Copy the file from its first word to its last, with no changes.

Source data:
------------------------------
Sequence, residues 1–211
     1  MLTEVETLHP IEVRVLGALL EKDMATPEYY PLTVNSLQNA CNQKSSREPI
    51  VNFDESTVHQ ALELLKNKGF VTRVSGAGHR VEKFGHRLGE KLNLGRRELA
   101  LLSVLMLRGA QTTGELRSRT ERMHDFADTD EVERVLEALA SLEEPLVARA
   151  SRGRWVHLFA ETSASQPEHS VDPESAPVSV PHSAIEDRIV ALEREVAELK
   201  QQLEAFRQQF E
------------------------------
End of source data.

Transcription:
Sequence, residues 1–211
     1  MLTEVETLHP IEVRVLGALL EKDMATPEYY PLTVNSLQNA CNQKSSREPI
    51  VNFDESTVHQ ALELLKNKGF VTRVSGAGHR VEKFGHRLGE KLNLGRRELA
   101  LLSVLMLRGA QTTGELRSRT ERMHDFADTD EVERVLEALA SLEEPLVARA
   151  SRGRWVHLFA ETSASQPEHS VDPESAPVSV PHSAIEDRIV ALEREVAELK
   201  QQLEAFRQQF E